Volunteers and neighbors pitched in to plant 342 trees in ten Towson communities in November and December. Green Towson Alliance recruited most of the new homes for the trees as part of its Shade Tree Program. Blue Water then ordered the trees and organized the volunteers to plant them in 6 work sessions in November and December. The native trees planted this fall include Willow Oaks, Northern Red Oaks, Swamp White Oaks, Tulip poplars, American Elms, Bald Cypress, London Planetrees, American Linden, Riverbirch, Black Gum, Serviceberry, and other native trees, which were chosen for specific types of locations.
Green Towson Alliance volunteers and Green Teams from neighborhood associations went door-to-door last summer to tell people about the opportunity to purchase and have trees planted through Blue Water Baltimore. Homeowners were able to choose what sort of tree they wanted in their yard. Many native canopy trees were chosen because of their ability to shade homes in the heat of summer, act as a windbreak from harsh winter winds, and soak up the heavy downpours that have been occurring in the Baltimore region due to climate change.
Neighborhood trees have much to offer these communities. Besides providing a sense of peace and beauty, they are homes and perches for the songbirds and wildlife that are also our neighbors. In Anneslie, some neighbors also planted street trees in the verge between the sidewalk and the street. They learned how to install their own root barriers, as required by Baltimore County, in order to protect their sidewalks.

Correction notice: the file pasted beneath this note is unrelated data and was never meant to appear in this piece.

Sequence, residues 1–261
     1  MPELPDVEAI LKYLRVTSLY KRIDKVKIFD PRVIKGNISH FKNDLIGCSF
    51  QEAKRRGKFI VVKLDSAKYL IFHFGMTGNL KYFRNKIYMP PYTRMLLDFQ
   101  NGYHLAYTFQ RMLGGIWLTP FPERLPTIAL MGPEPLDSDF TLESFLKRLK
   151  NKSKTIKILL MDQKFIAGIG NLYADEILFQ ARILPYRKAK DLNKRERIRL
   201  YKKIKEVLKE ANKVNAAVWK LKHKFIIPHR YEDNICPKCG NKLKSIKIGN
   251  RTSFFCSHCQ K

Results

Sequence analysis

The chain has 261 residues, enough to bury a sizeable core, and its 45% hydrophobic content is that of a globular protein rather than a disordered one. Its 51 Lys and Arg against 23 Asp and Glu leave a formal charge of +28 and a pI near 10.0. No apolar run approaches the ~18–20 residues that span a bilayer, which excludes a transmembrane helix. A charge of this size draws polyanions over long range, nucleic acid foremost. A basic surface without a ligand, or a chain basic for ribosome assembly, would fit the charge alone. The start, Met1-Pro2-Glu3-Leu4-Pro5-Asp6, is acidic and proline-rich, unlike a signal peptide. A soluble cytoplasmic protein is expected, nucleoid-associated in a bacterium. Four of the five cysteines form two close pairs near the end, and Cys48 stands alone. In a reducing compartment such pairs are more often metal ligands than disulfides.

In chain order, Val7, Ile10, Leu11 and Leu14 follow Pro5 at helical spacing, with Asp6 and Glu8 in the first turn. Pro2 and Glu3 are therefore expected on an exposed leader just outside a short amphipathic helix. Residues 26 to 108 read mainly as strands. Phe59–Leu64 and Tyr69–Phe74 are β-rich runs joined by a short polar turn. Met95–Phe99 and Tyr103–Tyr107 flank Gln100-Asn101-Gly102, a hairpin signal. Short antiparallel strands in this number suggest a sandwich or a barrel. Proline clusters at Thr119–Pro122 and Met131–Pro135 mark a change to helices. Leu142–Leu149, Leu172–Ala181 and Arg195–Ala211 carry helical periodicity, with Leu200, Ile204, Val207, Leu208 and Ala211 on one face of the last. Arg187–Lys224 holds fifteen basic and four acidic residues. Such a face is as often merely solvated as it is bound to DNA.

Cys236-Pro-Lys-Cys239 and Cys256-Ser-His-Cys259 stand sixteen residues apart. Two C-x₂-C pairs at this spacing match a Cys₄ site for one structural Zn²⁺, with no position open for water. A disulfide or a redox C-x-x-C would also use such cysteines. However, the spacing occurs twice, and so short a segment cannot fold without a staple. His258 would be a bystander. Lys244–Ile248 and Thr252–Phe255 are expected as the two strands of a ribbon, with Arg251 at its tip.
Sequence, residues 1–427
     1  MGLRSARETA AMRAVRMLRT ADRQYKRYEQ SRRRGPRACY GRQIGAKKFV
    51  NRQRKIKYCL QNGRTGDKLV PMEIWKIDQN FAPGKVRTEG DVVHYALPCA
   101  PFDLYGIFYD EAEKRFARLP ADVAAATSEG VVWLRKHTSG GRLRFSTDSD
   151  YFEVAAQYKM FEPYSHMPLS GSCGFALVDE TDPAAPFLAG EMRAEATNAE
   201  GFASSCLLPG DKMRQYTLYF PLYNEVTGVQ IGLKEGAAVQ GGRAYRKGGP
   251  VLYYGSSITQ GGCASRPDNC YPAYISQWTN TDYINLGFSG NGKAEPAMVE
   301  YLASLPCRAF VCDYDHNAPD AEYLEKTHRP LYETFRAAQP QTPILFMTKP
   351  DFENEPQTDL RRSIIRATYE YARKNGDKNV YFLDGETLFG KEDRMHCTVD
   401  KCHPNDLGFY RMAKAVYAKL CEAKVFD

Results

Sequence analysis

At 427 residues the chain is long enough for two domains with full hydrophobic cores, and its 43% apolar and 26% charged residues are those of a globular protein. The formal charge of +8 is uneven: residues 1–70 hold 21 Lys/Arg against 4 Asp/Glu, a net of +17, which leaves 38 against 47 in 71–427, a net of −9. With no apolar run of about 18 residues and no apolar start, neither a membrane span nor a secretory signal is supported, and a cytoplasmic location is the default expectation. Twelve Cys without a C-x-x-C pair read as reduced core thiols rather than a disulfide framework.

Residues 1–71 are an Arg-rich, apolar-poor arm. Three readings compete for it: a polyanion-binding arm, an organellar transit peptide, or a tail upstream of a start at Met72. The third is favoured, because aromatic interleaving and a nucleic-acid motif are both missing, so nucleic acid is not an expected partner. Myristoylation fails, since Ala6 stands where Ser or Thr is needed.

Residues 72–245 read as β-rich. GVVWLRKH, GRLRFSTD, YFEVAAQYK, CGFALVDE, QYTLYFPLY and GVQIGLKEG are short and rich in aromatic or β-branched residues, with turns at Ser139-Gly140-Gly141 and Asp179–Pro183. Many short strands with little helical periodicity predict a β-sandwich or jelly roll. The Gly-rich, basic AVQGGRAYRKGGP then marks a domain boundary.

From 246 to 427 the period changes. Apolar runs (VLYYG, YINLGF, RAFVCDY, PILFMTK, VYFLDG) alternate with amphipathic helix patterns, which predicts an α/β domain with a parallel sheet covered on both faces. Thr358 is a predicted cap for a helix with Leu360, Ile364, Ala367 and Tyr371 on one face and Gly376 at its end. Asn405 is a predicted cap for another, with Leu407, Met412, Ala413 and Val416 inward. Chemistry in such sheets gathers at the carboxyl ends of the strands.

Planting native canopy trees is one of the best steps we can take to mitigate climate change. Studies have found that a tree canopy can lower neighborhood temperatures by as much as 10 degrees in the summer. Trees absorb carbon and remove pollutants from the atmosphere. They act as water filters by absorbing excess nitrogen and phosphorus. Trees absorb 96% of ultraviolet radiation, improve property values, and have measurable positive effects on the mental and physical health of the people who live near them.
Dr. Carol Newill, who has led GTA’s efforts to recruit neighborhood environmental advocates to help find homes for the trees, says “I am delighted by the record number of native shade trees that were planted and by the record number of Towson neighborhoods participating in the program this year. These young trees will grow over the coming decades, hopefully for 100 years or more, providing ever greater amounts of shade, storm water absorption, air pollution filtering and noise buffering. They will increase property values, and provide beauty and the gifts of Nature for generations to come.”
Green Towson Alliance will be organizing more tree plantings next year! If you want to plant a tree next year, please contact us at firstname.lastname@example.org .